Girls on Film - and Behind the Camera

Haaretz photographer Michal Fattal says that emotions are the filter through which she sees the world.

Daniel Tchetchik
Daniel Tchetchik
Daniel Tchetchik
Daniel Tchetchik

Michal Fattal, 35, a photographer for Haaretz since 2009, focuses mainly on documentary photography and personal projects.

What are the advantages and disadvantages of being a woman photographer?

“It’s hard for me to put my finger on exactly what it is that makes my point of view unique as a woman, but I think the advantage may be manifest when my gaze is directed at other women. In such situations, there is more ease and openness toward the camera. As a woman my gaze is often perceived as more empathetic and less threatening, and this makes it possible to get closer and be more present in the situation, while at the same time to be assimilated in it and make my presence felt as little as possible. Often, this sense of closeness and intimacy occurs with women from foreign cultures, too, just out of some universal understanding that doesn’t require any words [of explanation].”

How is your point of view different?

“As a woman I look at the world through a filter of emotions, for better and for worse. Of course, one can’t say that this is what makes women photographers unique, that it applies to them alone, but still I feel sure that this is very present with them, as is a certain compassion and sensitivity to the nuances of things. Sometimes the camera helps me to find the fragility of the emotions that are captured in passing moments − the ones the lens captures and the eye doesn’t always take in.”

What are you looking for with your photography? Or what do you discover after the fact?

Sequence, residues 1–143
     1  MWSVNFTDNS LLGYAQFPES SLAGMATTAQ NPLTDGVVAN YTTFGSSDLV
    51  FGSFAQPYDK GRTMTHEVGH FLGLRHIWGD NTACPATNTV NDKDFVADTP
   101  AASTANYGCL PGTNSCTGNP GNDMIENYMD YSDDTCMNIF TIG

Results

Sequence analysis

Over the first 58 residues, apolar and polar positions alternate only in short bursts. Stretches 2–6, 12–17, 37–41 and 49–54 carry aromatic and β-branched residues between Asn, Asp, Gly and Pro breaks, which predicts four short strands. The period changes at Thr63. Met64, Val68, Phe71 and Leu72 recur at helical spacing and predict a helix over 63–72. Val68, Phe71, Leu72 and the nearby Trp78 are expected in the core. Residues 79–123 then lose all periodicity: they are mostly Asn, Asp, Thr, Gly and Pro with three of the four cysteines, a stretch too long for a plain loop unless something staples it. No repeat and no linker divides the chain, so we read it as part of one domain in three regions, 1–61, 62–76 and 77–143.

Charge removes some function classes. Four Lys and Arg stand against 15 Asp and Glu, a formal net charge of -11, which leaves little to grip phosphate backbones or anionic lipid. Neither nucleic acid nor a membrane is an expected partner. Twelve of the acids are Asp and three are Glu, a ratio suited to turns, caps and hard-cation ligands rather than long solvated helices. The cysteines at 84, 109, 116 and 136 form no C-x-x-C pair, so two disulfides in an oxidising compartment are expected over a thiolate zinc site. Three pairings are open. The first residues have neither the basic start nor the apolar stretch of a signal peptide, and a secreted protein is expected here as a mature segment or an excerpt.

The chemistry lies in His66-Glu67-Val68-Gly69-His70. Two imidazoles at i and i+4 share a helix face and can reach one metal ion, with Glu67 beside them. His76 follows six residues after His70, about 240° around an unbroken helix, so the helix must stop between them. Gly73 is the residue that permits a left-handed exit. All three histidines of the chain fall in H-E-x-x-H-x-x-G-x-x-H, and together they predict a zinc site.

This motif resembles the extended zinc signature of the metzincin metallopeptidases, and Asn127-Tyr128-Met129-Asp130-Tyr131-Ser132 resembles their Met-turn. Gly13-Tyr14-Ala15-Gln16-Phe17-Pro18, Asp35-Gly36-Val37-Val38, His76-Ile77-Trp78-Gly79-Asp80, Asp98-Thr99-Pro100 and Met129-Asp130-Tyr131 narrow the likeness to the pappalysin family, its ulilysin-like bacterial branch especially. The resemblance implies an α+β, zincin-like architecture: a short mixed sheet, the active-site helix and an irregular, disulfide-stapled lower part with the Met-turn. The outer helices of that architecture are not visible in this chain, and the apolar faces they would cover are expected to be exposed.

“For me, documentary photography is a tool for observing others. Through it I try to understand the conflicts and motivations and passions of a person, and through all that, perhaps mine as well. Because of this, as a woman photographer, I am most drawn to observing other women, to examining the strengths and the weaknesses of the female gender and the power relations between women and men, and by capturing this, trying to understand my femininity and my place in society as a woman.”

Has photography given you answers? Or has it confused you more?

“There’s no question that through the act of documentation I’m searching for answers, seeking to understand the world, the human race and the extremely complex Israeli society in which I live. But ironically, instead of getting answers, usually I end up with more and more questions. On the other hand, this confusion and endless questioning just pushes me to keep on digging and searching for the elusive answer, which might not ever come, but at least a lot of wonderful things happen on the way.”

Jerusalem, 2007.Credit: Michal Fattal



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